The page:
IN SCHOOL – Praxis of Hate (Kill Test)
New York hardcore/punk is an historically tussled-over tag that’s been given on more than one occasion to In School, who would duly laugh in the face of your civic pride, shunning any one localised label in favour of total world-conquering rage on this EP of well-directed fury that leaves me, at least, with a strange post-listen glow of hope. This was really undeniable, a very tasteful mix of everything that is great, as UK82 style d-beat drumming battles trebly and acidic riffs, with a lyrical style thats sharp and baiting the dicks of this world to meet their bloody severed end. Annihiliation over assimilation. Deeply smart punk delivered with aplomb. Smashed it mate.
NO FORM – Demo (Self Released)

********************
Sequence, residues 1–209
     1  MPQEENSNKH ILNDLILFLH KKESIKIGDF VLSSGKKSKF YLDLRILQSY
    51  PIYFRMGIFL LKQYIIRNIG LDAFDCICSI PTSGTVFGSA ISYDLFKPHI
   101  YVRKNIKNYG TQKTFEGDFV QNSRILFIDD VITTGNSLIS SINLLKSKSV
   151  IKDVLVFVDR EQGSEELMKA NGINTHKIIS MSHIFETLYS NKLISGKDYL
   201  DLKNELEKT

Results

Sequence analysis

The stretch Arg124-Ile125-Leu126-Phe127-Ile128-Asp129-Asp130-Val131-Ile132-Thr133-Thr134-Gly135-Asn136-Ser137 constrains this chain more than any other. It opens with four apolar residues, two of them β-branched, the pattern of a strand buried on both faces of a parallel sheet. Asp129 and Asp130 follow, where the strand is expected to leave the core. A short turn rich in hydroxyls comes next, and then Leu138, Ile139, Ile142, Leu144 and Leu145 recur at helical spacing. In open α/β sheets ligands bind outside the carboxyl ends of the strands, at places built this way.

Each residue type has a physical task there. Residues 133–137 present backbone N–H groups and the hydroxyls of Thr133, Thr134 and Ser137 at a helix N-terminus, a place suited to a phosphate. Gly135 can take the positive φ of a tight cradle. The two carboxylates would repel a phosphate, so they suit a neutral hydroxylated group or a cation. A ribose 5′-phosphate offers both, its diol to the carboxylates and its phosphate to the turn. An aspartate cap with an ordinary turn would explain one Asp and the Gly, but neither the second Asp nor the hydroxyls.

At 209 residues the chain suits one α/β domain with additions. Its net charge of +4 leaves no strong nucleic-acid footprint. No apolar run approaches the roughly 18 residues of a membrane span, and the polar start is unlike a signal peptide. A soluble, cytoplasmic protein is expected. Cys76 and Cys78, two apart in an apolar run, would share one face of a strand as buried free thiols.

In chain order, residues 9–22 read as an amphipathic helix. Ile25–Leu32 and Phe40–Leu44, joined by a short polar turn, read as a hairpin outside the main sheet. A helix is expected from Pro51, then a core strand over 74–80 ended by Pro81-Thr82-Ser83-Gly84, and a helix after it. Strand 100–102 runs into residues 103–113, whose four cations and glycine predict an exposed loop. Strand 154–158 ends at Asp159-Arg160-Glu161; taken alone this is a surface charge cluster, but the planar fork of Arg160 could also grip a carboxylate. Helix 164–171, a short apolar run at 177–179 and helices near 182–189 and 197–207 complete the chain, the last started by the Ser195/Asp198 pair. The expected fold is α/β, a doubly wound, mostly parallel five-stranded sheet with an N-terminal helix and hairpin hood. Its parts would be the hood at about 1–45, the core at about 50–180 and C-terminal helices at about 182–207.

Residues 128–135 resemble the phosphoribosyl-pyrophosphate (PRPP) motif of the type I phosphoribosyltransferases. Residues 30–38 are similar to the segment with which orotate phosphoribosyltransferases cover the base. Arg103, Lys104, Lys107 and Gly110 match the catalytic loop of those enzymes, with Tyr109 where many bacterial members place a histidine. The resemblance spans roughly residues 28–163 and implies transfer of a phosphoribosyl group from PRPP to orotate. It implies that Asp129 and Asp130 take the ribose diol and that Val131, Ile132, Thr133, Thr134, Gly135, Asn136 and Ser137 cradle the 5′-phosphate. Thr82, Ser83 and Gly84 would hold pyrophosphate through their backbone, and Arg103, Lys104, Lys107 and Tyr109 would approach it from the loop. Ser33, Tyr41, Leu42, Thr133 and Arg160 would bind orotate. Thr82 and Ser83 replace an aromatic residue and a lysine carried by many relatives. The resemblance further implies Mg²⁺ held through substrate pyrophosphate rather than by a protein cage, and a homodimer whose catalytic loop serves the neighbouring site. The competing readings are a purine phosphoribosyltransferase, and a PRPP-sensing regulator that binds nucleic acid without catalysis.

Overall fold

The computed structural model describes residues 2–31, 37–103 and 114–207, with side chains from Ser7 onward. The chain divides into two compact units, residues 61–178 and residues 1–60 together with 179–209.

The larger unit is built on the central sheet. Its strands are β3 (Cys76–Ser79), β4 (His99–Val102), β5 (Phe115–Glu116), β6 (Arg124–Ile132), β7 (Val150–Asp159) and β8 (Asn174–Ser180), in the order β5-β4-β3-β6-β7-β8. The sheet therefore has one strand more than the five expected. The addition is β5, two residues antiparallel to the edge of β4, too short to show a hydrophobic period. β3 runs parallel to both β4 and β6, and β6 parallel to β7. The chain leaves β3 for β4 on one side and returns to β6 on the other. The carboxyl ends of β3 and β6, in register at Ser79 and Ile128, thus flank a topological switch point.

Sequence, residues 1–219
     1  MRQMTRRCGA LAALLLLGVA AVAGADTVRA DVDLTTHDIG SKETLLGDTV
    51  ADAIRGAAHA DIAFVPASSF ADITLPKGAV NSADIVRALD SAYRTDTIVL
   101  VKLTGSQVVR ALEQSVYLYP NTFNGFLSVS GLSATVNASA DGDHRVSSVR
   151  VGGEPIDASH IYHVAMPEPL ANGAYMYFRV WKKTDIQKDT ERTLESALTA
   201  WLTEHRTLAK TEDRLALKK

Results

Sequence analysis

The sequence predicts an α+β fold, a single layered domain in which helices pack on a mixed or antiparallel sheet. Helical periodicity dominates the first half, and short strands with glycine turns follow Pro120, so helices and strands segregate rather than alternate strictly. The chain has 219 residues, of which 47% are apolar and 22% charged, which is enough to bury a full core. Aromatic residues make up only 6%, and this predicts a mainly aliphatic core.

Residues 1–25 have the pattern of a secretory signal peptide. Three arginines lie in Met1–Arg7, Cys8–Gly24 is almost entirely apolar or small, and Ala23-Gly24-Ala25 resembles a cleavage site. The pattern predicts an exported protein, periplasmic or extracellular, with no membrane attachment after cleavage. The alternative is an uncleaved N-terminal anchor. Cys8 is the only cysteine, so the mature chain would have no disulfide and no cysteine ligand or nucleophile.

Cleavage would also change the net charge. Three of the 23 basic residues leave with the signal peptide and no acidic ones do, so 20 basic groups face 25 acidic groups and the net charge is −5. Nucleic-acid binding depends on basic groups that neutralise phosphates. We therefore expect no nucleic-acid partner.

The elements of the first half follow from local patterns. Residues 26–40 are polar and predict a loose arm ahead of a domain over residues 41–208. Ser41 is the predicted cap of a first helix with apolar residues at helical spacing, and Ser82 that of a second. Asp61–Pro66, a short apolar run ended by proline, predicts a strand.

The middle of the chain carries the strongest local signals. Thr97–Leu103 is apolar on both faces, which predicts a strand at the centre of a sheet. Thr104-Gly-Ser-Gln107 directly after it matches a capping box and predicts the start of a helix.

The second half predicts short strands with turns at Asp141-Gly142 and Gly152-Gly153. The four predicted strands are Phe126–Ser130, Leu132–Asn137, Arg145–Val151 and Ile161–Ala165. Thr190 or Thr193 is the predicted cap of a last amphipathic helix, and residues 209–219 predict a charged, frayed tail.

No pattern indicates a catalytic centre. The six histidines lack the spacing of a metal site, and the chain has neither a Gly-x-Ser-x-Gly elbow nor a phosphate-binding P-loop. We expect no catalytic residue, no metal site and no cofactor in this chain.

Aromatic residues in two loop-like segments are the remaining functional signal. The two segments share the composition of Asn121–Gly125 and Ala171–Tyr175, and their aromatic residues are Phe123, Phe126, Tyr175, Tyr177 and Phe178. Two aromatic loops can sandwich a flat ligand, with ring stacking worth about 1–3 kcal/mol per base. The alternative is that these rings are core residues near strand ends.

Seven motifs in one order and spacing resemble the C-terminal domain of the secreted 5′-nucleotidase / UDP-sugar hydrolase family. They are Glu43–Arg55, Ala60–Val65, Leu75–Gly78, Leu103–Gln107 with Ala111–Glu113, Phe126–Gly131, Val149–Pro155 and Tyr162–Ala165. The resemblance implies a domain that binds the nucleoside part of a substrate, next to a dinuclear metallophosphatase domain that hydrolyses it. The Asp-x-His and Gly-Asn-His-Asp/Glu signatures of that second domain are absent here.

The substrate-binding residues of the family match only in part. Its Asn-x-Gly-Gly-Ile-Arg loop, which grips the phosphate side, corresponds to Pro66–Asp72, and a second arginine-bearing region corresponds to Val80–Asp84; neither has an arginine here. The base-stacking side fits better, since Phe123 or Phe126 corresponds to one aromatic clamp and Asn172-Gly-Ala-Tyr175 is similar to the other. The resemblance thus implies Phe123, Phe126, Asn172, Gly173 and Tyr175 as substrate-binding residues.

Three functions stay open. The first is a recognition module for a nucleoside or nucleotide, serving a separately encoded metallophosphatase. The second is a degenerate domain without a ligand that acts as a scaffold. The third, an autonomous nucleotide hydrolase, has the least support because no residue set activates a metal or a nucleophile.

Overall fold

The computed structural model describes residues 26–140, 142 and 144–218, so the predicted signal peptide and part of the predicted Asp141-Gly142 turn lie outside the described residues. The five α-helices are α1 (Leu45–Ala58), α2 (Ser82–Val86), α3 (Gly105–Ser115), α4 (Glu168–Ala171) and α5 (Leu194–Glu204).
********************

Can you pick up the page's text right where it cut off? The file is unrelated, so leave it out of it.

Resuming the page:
A short tape released at the very beginning of the year, this newish group from the north of England, with only a demo and some comp tracks out so far are mostly making on this list because, as a live band, they were way up there. No Form are the band that has made me reconsider the band-form and its potential recently, and helped me form the lens through which I’m writing this whole list. I won’t be able to talk about them in this space next year because I’m gonna put out their record (This may be cheating, I do not care.) Four barely-adults bare all in pursuit of a higher sonic/performative plain. No Form is, in effect, a hardcore band, but void of the boring boisterous bluster attendant to most current hardcore, filtered instead through some kind of underwater death machine, pickled, dissected, and shot through with echoing trumpet noise, booming fractured vocals rendered less voice and more of a loose, textural layer breaking in and out of the music, like the incantations of a, guttural spleen-letting demon as heard from down a well. A great demo by an exciting band.